TBY talks to Prasad Abraham, CEO of Al Hilal Bank, on promoting Islamic banking as a commercially successful venture in an unfamiliar market, and Kazakhstan’s path to becoming an Islamic banking center by 2020.
TBY What is the history of Al Hilal, and why do they call you the “orange bank”?
PRASAD ABRAHAM Al Hilal Bank in Kazakhstan is a subsidiary of Al Hilal Bank in Abu Dhabi, which in turn is 100% owned by the government of Abu Dhabi. The bank was established in Kazakhstan based on an intergovernmental agreement signed between the Republic of Kazakhstan and the government of the UAE. The parent bank was established in Abu Dhabi in 2008, and the Kazakhstan subsidiary was launched in 2010. It is the first Islamic bank in the country. One of the main principles behind the creation of Al Hilal Bank was to demonstrate that an Islamic bank can be dynamic and progressive, while at the same time remaining strictly compliant with sharia principles. It is important to present this model well in Kazakhstan, a market that is 60% Muslim, yet unfamiliar with Islamic banking. Al Hilal Bank chose orange for its branding as it represents liveliness and dynamism, and therefore encapsulates our business ethic of principled professionalism and putting the individual at the heart of everything we do.
What sparked Al Hilal’s business interest in the country, and led to the establishment of the bank in Kazakhstan in 2010?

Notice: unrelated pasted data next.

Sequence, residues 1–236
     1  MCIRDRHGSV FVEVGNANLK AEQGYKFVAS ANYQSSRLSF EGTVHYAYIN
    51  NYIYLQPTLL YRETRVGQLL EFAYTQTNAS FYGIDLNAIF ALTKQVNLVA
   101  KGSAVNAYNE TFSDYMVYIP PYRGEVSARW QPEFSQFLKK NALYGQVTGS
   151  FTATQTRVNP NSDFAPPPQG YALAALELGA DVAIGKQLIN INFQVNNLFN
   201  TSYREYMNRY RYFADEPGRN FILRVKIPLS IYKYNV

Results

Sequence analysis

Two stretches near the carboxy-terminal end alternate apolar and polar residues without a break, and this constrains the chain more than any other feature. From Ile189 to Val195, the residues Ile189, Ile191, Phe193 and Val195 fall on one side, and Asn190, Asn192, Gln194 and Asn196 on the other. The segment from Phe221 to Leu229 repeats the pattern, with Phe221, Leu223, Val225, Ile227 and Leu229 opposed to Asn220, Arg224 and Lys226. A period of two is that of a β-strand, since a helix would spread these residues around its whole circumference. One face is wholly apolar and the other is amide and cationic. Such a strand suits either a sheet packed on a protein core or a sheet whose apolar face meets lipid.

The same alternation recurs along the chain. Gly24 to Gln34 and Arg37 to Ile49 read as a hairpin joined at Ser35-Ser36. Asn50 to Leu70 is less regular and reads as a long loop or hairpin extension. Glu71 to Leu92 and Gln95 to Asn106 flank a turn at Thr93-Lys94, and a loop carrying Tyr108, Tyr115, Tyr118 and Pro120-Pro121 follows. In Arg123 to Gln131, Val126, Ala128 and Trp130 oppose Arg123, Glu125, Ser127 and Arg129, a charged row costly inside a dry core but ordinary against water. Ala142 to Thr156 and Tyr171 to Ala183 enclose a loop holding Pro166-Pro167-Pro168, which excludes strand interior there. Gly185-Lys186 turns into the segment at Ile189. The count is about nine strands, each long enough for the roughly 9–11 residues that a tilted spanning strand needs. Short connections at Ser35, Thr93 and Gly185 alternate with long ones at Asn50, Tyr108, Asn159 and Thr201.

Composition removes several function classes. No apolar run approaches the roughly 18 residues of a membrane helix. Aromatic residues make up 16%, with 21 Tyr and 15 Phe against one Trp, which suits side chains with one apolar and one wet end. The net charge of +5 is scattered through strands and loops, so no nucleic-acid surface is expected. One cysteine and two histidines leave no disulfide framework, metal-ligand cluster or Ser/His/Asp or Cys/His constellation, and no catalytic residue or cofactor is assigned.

Traditionally, there have been strong brotherly relations between the UAE and Kazakhstan. Secondly,in 2009 Kazakhstan introduced comprehensive legislation in parliament to facilitate Islamic banking opportunities. The bank was looking for foreign expansion prospects, and when this announcement was made, we decided to seize the opportunity and move in. The lack of any Islamic banking competitor also made the proposition even more attractive. It was a challenge worth taking on, and we have not regretted our decision.
As a new concept in Kazakhstan, what strategies are you developing to increase awareness and demand for your Islamic banking products and services?
We have three main goals in Kazakhstan. The first target is to become a successful Islamic bank from a commercial point of view. Secondly, our aim is to raise the profile of Islamic banking in the country. Finally, because we represent the government of Abu Dhabi, we are seeking opportunities for UAE investors to participate and facilitate in the economic growth of Kazakhstan. This will help the UAE to diversify its oil and gas revenues. This also benefits Kazakhstan because it is looking for more investment. We facilitate enhanced cooperation between the two countries.
Do you believe the regulatory framework for Islamic banking is complete and satisfactory?
The documentation processes and finalization of contracts took longer than expected, yet Kazakhstan has approved comprehensive legislation to facilitate Islamic banking. I would say 80%-90% of the process has been addressed, with certain tax aspects requiring further fine-tuning as part of the current legislation. The remaining issues will be ironed out soon, and the process will be complete. There is active involvement and support from key ministries and regulatory bodies to facilitate the process. We are very happy with the framework, and are thrilled Kazakhstan has taken these steps to allow the country to develop an Islamic banking sector.
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